In December, The New Yorker ran an article which I found extremely interesting and intriguing. The article was titled, “The Truth Wears Off: Is there something wrong with the scientific method?” ,and examined the difficulty for scientists to replicate well-established studies. The author, Jonah Lehrer, highlights how the foundation of modern research, the test of replicability, is revealing that many believed facts are losing their truth. He states the difficulty of scientists to replicate well-known studies and get similar results.
He sites a possible reason for this from research completed in the 1930’s by Joseph Rhine, a psychologist at Duke University.
Rhine had an interest in extrasensory perception (esp) and Rhine would use a deck of 25 cards printed with one of five different symbols on each card. Rhine would ask a subject which symbol was on the card and most of his subjects would guess 25% of the cards correctly which is mathematically expected. One day, Rhine came across a subject named Adam Linzmayer who guessed nearly 50% of the cards correctly, even guessing nine in a row! The odds of this happening by chance, without esp, is 1/2,000,000 and Linzmayer repeated this three times.
Rhine studied these results and was preparing an article for publication on esp when he invited Linzmayer back to guess 1000 more cards. This time, Linzmayer’s success rate went down significantly and it appeared he was guessing correct by chance. Rhine later noticed this effect would occur with other individuals who he believed had ESP and called this “the decline effect“. It simply represented a decline in his data to replicate.
Now to some math…a decline in data to replicate most likely occurs from a regression toward the mean. As the experiment is repeated, it cancels out statistical flukes or extreme phenomenon. So in the example of Rhine, the statistical fluke of possible esp was an illusion which vanished over time.
Another possible flaw to replication is in the peer-reviewed process. There is currently a fad in which when a new idea or paradigm is proposed, the peer-reviewed process is skewed or more entrenched toward positive results. In time, the incentives shift and the most notable results are to disprove the once exciting, new theory. This can be referred to as publication bias. But as publication bias has an effect, it doesn’t account for the researchers findings which in many cases, may be skewed from selective reporting of results.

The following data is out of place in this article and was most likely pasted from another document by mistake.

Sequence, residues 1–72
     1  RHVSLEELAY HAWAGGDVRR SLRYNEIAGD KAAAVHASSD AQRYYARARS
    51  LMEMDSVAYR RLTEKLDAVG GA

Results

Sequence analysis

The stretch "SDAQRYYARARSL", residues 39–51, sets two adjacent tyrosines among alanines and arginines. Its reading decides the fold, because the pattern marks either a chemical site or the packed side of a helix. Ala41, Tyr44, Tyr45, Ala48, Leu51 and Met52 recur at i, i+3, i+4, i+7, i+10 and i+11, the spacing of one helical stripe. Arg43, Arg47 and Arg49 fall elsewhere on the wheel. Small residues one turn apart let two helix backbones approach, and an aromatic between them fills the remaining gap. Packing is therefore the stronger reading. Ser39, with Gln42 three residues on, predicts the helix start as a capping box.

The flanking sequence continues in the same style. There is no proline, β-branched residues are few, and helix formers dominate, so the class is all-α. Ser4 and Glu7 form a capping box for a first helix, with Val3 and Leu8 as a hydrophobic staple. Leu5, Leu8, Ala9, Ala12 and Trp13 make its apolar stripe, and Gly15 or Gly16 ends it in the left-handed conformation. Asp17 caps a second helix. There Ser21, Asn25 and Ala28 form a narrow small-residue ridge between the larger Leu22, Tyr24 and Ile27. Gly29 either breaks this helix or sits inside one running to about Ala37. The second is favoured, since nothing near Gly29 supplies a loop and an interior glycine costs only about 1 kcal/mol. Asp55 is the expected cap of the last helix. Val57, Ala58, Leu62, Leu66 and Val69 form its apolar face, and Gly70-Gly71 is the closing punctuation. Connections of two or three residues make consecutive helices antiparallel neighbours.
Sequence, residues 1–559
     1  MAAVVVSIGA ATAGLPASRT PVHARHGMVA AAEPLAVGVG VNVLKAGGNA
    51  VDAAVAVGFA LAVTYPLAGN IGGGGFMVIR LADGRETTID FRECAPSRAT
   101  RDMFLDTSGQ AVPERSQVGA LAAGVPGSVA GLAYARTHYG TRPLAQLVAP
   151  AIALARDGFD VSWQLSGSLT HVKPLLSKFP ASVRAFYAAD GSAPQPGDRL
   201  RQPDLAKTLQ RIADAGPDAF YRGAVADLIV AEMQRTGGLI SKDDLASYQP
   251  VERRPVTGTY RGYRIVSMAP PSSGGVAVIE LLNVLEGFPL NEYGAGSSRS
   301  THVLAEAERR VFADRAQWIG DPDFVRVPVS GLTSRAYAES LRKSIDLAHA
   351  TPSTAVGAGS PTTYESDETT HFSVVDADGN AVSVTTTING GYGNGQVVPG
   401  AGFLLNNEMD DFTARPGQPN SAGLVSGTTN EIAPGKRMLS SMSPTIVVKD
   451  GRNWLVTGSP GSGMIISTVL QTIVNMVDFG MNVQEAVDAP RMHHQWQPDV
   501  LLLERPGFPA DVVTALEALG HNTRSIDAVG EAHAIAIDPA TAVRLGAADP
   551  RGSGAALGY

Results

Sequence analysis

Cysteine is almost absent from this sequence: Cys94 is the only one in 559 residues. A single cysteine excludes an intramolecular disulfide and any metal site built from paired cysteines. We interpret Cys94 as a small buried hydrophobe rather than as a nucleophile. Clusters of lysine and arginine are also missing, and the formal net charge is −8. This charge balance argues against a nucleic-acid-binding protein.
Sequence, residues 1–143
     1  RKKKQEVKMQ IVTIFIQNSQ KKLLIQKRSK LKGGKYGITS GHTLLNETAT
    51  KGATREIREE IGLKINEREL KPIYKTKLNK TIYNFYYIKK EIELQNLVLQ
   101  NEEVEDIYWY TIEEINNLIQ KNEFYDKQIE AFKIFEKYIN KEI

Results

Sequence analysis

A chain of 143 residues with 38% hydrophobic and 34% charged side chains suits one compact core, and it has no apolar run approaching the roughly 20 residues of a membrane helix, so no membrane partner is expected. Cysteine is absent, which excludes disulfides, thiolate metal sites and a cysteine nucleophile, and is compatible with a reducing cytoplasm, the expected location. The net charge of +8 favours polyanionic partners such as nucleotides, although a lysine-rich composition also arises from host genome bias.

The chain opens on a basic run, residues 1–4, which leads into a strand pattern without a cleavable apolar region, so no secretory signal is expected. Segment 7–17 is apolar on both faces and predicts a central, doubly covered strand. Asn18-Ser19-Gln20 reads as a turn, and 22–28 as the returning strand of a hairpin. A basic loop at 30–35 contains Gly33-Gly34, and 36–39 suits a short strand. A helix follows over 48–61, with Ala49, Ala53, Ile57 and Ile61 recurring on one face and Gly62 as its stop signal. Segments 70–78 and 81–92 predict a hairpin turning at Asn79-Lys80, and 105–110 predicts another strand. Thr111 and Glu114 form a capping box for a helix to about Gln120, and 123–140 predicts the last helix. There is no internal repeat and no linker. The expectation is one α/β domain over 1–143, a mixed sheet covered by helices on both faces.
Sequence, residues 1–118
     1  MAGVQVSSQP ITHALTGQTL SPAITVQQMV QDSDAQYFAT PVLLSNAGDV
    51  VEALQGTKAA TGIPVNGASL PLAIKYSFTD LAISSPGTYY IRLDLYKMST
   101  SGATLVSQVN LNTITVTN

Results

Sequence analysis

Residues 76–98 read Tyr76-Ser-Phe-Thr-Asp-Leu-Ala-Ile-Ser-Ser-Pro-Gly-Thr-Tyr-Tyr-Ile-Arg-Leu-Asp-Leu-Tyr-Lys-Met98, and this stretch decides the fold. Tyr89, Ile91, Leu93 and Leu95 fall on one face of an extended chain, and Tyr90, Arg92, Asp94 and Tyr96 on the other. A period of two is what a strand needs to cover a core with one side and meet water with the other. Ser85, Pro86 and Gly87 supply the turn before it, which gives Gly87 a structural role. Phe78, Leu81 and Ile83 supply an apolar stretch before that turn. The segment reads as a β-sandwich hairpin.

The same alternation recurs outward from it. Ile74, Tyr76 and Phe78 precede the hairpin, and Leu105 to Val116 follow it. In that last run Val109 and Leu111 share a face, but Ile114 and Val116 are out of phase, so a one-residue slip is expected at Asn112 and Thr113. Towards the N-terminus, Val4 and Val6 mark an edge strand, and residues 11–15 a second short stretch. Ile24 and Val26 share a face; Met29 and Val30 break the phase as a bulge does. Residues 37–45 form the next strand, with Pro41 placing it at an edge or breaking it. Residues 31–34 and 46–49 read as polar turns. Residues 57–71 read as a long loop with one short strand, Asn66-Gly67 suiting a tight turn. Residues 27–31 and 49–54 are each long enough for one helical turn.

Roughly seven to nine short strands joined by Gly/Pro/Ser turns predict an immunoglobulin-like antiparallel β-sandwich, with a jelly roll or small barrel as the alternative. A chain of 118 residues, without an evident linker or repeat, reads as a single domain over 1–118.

After reading this article, which is non-peer reviewed, I am intrigued at the replicability of much research we currently follow as clinicians. One article that particularly comes to mind was published in the January 2011 JOSPT. The article was titled “Immediate Effects of Lumbar Spine Manipulation on the Resting and Contraction Thickness of Transversus Abdominis in Asymptomatic Individuals”. This article looked at the effects of lumbar spinal manipulation on the thickness of the transversus abdominis (TrA) in asymptomatic subjects. In previous studies, including the infamous clinical prediction rule for lumbar manipulation, examiners found the thickness of the TrA changed following a lumbar manipulation. The subjects in previous studies were those with LBP, so it could be speculated that the thickness may have been altered due to descending pain inhibitory influences which might have allowed for greater relaxation. In this current study, the thickness of the TrA did not change with manipulation.
Could this study be a possible example of the decline effect or a possible peer-reviewer excitement to disprove a once-exciting theory? Possibly. The results could also be correct, and non-flawed, and simply different due to the examination of subjects without LBP vs. those with LBP and the neurophysiological mechanisms effected by the manipulation are different in those with pain vs. those without pain. But in either case, we must continue to reevaluate and replicate our current research and techniques so that we can further define ourselves as effective clinicians.
Lehrer J. The Truth Wears Off: Is there something wrong with the scientific method. The New Yorker. Dec. 13, 2010.
Puentedura EJ, Landers MR, Hurt K. Immediate Effects of Lumbar Spine Manipulation on the Resting and Contraction Thickness of Transversus Abdominis in Asymptomatic Individuals. JOSPT: 41 (1); 13-21.